Tens of thousands of Medicare patients receive unnecessary cataract, gall bladder, prostate, back, hernia or other surgeries, and the financially hard-pressed program could save up to $1.2 billion a year by eliminating nine types of excess operations, according to a report by the Senate Special Committee on Aging.

The panel said 10 states have adopted "second-opinion" requirements for their Medicaid programs, in which a patient advised by a physician to obtain surgery must seek the advice of a second one before going ahead with the elective surgery. The report said the incidence of surgery had dropped notably as a result, with substantial savings.

Based on that experience and other studies, the committee estimated that using a mandatory second-opinion program in Medicare, which the Reagan administration opposes, would cut 17 to 35 percent from the $3.7 billion expected to be spent by Medicare on nine surgical procedures this year.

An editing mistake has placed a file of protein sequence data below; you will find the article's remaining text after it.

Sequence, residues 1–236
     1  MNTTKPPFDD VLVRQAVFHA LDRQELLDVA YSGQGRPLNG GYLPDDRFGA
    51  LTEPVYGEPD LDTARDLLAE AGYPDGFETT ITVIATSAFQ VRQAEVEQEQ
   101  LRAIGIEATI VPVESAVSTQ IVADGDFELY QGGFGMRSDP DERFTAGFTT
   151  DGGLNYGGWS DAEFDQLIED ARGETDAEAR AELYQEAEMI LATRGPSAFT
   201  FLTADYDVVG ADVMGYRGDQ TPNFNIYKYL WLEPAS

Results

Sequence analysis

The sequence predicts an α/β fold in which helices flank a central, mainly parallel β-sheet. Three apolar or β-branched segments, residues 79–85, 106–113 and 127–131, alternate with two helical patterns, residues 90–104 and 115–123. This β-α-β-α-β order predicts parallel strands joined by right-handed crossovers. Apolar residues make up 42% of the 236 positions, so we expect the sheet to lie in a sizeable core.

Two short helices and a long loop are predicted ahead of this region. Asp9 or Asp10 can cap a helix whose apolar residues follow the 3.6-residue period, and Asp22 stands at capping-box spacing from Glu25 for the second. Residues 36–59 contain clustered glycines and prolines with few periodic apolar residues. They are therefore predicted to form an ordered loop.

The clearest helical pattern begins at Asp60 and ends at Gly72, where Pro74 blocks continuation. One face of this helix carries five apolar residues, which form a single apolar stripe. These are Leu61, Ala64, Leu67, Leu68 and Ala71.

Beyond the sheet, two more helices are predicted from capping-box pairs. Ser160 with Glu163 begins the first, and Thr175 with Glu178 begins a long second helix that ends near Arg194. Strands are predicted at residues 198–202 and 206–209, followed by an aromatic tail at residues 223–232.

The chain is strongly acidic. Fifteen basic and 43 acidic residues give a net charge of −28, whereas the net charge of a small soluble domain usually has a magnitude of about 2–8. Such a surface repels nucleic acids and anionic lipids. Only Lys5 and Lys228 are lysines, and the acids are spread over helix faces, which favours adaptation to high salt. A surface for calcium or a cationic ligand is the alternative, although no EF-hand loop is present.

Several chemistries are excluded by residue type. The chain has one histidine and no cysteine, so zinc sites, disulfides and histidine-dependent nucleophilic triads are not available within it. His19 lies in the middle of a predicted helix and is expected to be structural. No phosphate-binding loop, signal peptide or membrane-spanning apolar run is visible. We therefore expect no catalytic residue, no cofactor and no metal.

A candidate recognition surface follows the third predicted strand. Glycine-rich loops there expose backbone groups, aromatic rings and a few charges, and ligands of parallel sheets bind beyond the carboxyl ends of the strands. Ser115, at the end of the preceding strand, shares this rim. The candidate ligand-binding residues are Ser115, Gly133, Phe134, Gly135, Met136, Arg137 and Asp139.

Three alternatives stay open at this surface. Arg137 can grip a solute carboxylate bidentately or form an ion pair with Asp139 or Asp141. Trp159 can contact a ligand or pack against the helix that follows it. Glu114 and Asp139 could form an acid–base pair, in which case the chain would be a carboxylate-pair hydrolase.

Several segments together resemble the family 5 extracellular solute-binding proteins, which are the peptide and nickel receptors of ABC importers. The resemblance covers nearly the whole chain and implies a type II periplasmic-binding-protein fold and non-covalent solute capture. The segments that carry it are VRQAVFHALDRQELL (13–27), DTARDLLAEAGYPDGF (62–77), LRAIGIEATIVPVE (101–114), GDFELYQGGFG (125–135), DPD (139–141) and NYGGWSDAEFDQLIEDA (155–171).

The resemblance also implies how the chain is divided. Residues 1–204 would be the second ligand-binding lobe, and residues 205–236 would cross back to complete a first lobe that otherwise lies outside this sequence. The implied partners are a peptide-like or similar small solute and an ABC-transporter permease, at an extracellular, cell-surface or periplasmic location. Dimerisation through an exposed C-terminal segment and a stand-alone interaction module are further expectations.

A spokesman for the Health Care Financing Administration, which administers Medicare, said HCFA has a voluntary second-opinion program and is not convinced that a mandatory one would achieve the savings projected, because many of the studies cited were based on younger populations.

The nine types cited were cardiac pacemaker surgery (up to 33 percent excess procedures), cataract surgery (up to 36 percent), gall bladder (up to 31 percent), prostate (up to 29 percent), knee surgery (up to 32 percent), hysterectomy (up to 45 percent), back surgery (up to 36 percent), hernia repair (up to 28 percent) and hemorrhoidectomy (up to 43 percent).